Woman's ovarian tissue graft pregnancy a world first


A WOMAN who had her ovaries removed during cancer treatment a decade ago is pregnant after having eggs grown on her abdomen in a world-first procedure.

Doctors now believe the treatment offers new hope for women left infertile by cancer, with Brisbane mum-to-be Vali, 26 weeks pregnant with twin girls.

Before the removal of her second ovary at 27, doctors took tissue from one of her ovaries and froze it in the hope of a medical breakthrough.

That hope finally paid off when researchers from Melbourne IVF and Royal Women's Hospital began trials to graft ovarian tissue outside of the pelvis in the hope it would continue to produce eggs.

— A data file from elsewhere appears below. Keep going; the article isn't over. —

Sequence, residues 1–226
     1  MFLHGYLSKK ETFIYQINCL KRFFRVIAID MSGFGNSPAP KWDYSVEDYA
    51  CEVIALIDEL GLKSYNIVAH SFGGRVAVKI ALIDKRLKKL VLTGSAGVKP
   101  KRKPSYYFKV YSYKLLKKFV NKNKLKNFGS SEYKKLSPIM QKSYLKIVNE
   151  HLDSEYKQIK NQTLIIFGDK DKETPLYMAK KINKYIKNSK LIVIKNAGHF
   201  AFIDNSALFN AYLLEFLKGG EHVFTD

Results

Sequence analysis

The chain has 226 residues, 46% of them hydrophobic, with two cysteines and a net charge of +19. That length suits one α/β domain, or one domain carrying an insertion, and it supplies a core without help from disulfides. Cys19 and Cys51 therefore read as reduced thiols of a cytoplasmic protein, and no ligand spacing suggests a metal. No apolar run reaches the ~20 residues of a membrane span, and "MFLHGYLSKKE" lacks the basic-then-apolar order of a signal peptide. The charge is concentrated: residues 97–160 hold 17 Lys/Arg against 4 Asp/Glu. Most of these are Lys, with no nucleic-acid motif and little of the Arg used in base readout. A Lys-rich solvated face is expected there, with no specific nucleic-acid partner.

Vali and her partner Dean moved from Brisbane to Melbourne to have the two-and-a-half-year treatment.

The researchers harvested two eggs from the tissue which were successfully fertilised this year using IVF.

Doctors had previously only been able to transplant the tissue back into the original position, a procedure that has resulted in just 29 births worldwide.

Melbourne IVF fertility preservation head Kate Stern said Vali's pregnancy proved ovarian tissue could survive outside the pelvis.

"The tissue started to work after several months, then we did very, very gentle IVF treatment with hormone stimulation,'' Ms Stern said. "We only had two eggs - we were so thrilled to see we got two embryos from those eggs.''


"(We're) having two girls. I'm pretty excited,'' Vali said.

The procedure has been trialled on 10 patients in six years, with tissue producing eggs in all but one case.

Royal Women's Hospital head of ovarian tissue cryopreservation Debra Gook said the discovery opened the door for 300 women who had tissue stored at the hospital to have their own children.